Smoking cessation rates with current therapy are suboptimal. One class of drugs that may improve cessation is the tricyclics.
To add nortriptyline hydrochloride to a behavioral smoking cessation program to enhance cessation rates and reduce withdrawal symptoms.
Subjects and Methods
We conducted a randomized, double-blind, placebo-controlled trial at an affiliated Department of Veterans Affairs Medical Center and an Army Medical Center. Subjects were aged 18 through 70 years, smoked 10 or more cigarettes per day, and were without current major depression. Nortriptyline hydrochloride or matched placebo was started at 25 mg before bed 10 days prior to quit day and titrated to 75 mg/d or to the maximal tolerated dose. The behavioral intervention consisted of 2 group sessions and 12 individual follow-up visits. Withdrawal symptoms were measured using a daily diary, and smoking cessation was defined as self-reported abstinence, expired carbon monoxide of 9 ppm or less, and a 6-month urine cotinine level of less than 50 ng/mL.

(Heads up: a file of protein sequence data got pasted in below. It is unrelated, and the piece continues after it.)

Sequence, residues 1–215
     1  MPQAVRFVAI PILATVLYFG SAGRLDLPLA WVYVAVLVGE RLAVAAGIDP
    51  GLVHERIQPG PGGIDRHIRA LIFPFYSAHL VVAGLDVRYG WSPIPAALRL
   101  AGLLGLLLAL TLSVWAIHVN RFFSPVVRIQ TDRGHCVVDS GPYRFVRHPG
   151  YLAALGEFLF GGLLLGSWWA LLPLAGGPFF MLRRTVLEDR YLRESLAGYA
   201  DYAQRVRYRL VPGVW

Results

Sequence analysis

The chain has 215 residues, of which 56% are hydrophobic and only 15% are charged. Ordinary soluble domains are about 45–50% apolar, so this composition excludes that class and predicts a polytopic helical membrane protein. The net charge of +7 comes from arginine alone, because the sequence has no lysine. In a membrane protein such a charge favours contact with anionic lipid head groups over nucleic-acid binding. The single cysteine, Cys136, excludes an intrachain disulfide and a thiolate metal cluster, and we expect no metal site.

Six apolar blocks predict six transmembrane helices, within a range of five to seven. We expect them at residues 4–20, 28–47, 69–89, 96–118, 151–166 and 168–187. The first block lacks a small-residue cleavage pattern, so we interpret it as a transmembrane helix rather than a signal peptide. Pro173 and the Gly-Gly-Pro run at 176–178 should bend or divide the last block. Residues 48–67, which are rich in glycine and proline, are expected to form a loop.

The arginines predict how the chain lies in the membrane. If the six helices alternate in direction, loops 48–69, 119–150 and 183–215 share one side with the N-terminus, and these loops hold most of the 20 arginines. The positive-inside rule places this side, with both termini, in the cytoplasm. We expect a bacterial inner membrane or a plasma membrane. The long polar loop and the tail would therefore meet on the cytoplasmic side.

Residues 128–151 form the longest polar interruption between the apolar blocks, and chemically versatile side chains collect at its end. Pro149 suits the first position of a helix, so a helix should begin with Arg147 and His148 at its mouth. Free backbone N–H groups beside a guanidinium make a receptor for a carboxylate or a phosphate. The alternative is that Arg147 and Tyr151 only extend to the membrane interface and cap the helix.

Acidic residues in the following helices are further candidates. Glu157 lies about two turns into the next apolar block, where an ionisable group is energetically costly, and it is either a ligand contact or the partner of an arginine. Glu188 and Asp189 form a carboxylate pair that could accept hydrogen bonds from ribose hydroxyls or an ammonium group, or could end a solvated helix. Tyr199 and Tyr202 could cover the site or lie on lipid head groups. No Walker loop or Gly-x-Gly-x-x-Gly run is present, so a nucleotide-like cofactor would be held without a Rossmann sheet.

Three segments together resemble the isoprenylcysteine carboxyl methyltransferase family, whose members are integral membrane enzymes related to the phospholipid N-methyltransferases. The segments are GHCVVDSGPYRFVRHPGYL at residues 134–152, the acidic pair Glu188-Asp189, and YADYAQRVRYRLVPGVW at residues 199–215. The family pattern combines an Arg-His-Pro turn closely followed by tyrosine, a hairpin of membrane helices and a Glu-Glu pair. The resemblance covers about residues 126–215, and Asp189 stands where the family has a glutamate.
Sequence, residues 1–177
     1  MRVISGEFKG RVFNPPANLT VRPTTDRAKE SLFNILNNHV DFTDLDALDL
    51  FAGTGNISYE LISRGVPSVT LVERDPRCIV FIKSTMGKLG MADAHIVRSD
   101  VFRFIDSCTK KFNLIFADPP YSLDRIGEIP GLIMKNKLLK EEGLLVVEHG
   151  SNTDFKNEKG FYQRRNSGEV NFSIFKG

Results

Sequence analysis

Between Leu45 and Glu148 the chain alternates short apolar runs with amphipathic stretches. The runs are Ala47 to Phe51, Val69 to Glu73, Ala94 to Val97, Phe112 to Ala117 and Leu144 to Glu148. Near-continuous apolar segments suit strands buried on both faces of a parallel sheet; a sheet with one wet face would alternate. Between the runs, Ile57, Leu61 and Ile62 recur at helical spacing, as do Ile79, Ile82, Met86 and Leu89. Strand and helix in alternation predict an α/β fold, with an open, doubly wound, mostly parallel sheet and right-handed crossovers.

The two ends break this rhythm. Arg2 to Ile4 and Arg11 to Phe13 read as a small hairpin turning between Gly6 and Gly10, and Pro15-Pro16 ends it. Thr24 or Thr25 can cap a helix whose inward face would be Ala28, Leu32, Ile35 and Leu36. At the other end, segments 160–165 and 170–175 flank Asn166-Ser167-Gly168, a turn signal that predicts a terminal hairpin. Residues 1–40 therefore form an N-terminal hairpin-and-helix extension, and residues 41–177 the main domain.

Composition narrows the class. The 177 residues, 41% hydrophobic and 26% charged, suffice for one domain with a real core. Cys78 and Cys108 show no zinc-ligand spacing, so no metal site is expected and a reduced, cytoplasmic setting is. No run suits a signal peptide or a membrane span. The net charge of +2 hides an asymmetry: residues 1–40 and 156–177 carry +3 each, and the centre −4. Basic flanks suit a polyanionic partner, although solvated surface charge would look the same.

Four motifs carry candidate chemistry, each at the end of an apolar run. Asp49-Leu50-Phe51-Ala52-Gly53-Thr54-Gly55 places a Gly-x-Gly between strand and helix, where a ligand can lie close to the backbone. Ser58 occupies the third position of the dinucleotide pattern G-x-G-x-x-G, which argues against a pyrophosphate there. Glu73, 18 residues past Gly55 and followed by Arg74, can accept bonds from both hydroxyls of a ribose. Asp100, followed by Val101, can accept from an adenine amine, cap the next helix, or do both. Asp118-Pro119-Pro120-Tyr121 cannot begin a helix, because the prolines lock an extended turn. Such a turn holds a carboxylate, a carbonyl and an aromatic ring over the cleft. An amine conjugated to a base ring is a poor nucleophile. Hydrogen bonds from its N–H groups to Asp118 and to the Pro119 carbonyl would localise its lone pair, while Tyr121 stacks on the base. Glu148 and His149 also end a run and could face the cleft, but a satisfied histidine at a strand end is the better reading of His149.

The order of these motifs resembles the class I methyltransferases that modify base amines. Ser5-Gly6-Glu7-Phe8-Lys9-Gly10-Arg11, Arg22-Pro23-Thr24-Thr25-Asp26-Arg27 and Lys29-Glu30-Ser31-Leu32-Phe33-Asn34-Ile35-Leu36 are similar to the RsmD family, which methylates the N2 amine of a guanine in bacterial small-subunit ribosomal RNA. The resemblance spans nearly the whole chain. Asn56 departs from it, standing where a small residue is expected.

A total of 214 patients were randomized (108 to nortriptyline and 106 to placebo). There was a significant reduction in several withdrawal symptoms including anxious/tense, anger/irritability, difficulty concentrating, restlessness, and impatience by day 8 after quit day in the nortriptyline group. The cessation rate at 6 months was 15 (14%) of 108 and 3 (3%) of 106, respectively (P=.003; absolute difference, 11%; 95% confidence interval, −18% to −4%). Nortriptyline caused frequent adverse effects, including dry mouth (64%) and dysgeusia (20%).
We conclude that nortriptyline led to an increased short-term cessation rate compared with placebo. In addition, there were significant, but relatively small, reductions in withdrawal symptoms. Nortriptyline may represent a new therapeutic approach to smoking cessation.